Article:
The Benefits of Adopting a Senior Dog
The need for senior dog adoption is great. What makes each of the circumstances creating this need even more saddening is the fact that, despite the wonderful attributes of older dogs and all the best efforts of most shelters, these dogs are frequently overlooked in favor of puppies and younger animals. The ageism that causes seniors to be passed over is a prejudice without merit, as oftentimes it’s the older dog that is best suited for a happy household and a lasting marriage of dog and family.
With an older dog, what you see is what you get. There are no surprises. Their physical size is established so there are no mysteries about whether they’ll exceed the weight limit for your apartment, and by and large, their temperament and personality are also fully developed. In other words, they’ve become what and who they are going to be.
Of course, you can expect that your dog’s confidence will blossom as he adjusts to his new surroundings and the trauma of his loss is replaced by the reassurance of knowing that you are there for him. Beyond that, however, his demeanor will be evident in a first meeting, allowing you to fairly size up how he will fit into both your lifestyle and the family dynamic.
An older dog has typically had some basic obedience training and is already familiar with the essential commands that will make life enjoyable for both of you (Come. Sit. Stay.). Equally important, he is more than likely also housetrained, unlike his puppy counterpart. If your household includes very young children, you will welcome the fact that you will not have to endure housetraining and potty training all at the same time.
That said; don’t believe the adage, “An old dog can’t learn new tricks.” It’s simply not true. If there is a special need and you are so inclined, these old dogs are eager to please and enjoy the attention and mental stimulation that your training sessions can provide.
To anyone who has ever had his favorite shoes, the furniture, an heirloom rug, or the baseboards of his house chewed with endless abandon, rejoice! This is typical puppy behavior but not at all what to expect from a normal, adult dog.
Let’s face it, as we age we all slow down a bit. You can expect an older dog to be less frisky and rambunctious than his younger counterparts, and in most cases, his requirement for exercise will be far less. This attribute alone makes the older dog a great fit for many family situations and an ideal match for the aging adult as well.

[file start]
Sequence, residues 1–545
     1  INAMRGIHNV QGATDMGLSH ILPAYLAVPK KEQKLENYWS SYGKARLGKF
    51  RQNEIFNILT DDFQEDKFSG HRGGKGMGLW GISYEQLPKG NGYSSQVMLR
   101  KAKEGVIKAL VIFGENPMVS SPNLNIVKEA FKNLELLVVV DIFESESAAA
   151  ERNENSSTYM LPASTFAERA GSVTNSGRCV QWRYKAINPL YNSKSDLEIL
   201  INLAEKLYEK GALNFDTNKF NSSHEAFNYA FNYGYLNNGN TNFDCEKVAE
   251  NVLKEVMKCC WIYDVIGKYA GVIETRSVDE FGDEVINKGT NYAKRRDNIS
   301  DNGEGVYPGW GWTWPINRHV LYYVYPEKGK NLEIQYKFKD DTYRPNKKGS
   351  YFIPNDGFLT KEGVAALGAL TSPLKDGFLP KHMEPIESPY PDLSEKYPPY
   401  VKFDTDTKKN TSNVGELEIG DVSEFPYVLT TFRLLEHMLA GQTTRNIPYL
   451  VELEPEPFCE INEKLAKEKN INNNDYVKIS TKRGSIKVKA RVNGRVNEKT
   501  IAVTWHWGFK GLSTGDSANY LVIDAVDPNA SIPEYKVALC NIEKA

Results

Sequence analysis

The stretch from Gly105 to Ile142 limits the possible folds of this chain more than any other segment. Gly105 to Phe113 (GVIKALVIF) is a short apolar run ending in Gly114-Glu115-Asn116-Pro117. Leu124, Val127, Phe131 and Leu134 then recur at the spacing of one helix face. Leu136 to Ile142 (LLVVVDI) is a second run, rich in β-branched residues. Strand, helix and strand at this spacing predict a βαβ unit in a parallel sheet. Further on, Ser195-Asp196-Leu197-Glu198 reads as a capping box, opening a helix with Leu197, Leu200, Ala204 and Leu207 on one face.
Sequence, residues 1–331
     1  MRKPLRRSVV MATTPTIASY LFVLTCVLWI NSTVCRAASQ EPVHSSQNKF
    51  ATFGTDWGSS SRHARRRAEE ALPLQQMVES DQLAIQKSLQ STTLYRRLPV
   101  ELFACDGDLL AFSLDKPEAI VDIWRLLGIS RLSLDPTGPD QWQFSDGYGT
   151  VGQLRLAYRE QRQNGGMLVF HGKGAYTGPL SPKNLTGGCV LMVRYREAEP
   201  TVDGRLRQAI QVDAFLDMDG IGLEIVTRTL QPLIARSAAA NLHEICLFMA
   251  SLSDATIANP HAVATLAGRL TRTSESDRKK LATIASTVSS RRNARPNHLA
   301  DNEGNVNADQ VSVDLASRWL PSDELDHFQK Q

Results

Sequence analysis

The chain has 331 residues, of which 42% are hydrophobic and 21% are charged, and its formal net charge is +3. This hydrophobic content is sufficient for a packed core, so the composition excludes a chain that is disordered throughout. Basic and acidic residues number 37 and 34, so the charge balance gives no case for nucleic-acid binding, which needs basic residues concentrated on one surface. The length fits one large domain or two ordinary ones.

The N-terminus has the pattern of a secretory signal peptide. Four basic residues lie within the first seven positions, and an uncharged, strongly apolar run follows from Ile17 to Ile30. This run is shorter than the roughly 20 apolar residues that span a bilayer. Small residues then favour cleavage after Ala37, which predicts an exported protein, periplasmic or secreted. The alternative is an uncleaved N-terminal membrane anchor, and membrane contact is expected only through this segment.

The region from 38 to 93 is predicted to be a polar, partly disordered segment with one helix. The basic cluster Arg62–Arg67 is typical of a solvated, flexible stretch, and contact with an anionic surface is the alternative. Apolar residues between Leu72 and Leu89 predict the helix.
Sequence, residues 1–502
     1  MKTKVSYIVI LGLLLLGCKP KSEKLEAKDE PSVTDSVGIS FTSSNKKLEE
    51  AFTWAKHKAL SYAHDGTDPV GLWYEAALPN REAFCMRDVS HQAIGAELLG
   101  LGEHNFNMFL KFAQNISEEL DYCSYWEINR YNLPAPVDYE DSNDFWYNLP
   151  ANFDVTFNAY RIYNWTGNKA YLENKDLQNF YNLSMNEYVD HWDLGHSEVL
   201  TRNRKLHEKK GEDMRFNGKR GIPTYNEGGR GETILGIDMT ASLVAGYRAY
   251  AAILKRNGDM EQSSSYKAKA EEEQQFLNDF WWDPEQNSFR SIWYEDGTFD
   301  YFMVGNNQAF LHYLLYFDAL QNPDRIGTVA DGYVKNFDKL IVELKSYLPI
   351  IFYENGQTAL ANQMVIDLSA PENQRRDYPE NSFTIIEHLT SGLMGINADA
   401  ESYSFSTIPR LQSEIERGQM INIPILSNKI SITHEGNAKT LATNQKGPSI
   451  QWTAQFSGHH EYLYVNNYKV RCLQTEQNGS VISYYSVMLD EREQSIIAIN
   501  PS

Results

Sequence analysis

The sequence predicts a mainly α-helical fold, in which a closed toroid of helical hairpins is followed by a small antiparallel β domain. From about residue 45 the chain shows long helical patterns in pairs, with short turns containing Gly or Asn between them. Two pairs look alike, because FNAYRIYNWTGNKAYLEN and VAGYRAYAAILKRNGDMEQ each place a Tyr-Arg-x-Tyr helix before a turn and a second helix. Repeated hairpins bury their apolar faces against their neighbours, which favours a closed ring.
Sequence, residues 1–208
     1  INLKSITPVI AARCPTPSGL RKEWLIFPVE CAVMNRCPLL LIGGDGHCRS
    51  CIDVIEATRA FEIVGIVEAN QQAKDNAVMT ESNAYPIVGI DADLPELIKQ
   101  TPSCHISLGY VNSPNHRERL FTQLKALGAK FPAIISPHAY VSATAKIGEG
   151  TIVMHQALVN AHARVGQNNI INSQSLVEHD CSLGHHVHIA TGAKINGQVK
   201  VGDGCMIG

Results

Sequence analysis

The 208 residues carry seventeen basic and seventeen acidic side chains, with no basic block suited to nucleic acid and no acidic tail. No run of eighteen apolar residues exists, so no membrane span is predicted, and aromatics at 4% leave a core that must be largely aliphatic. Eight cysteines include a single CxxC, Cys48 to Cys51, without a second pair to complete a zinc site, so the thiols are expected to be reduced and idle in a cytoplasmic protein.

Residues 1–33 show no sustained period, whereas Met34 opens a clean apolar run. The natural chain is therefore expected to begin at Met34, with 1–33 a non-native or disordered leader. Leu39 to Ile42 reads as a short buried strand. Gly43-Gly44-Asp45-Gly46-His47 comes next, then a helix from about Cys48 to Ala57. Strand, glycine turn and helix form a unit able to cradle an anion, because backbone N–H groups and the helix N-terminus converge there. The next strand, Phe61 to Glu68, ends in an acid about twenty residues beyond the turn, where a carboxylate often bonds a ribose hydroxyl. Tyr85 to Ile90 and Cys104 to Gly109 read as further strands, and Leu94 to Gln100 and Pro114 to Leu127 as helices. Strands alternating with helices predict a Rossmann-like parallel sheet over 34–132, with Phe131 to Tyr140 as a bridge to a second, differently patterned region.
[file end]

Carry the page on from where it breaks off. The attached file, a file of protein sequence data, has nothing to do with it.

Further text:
What better excuse to fire up the muscles and get outside than to walk the dog. A dog’s need to regularly relieve himself and sniff his way around the neighborhood is a great way to get the elderly out of doors, moving joints and muscles, and enabling them to see the beauty around them.
For some reason, a dog creates an invitation to talk. Walking a dog is a great way to meet one’s neighbors and to build community. For some reason, the wag of a tail has done more to break down social barriers and build friendships than anything we know.
Those of us who have been lucky enough to hold a warm dog in our arms, or share the couch or a bed with one, know the benefits of simply listening to the sound his breath. The sound of a dog breathing has a calming effect.
Studies show the health benefits of having a pet. Among those benefits is a distinct lowering of blood pressure and anxiety. I’m not surprised. Are you sold yet?
Where to Find Your Senior Dog
There are many animal shelters and senior dog rescues across the country that have senior dogs needing homes. Visit GreyMuzzle.org for a list just some of the nonprofits helping homeless senior dogs.
If you’re not yet ready to adopt your senior, consider becoming a foster parent, a dog walker, or providing some other service or donation that will help ease the suffering of an old dog and provide him with a shot at a new beginning and the happy ending he deserves.
Written by Sherri Franklin and Liz Brooking of Muttville Senior Dog Rescue in San Francisco, CA. An excerpt from the book Your Dog’s Golden Years by Jennifer Kachnic.
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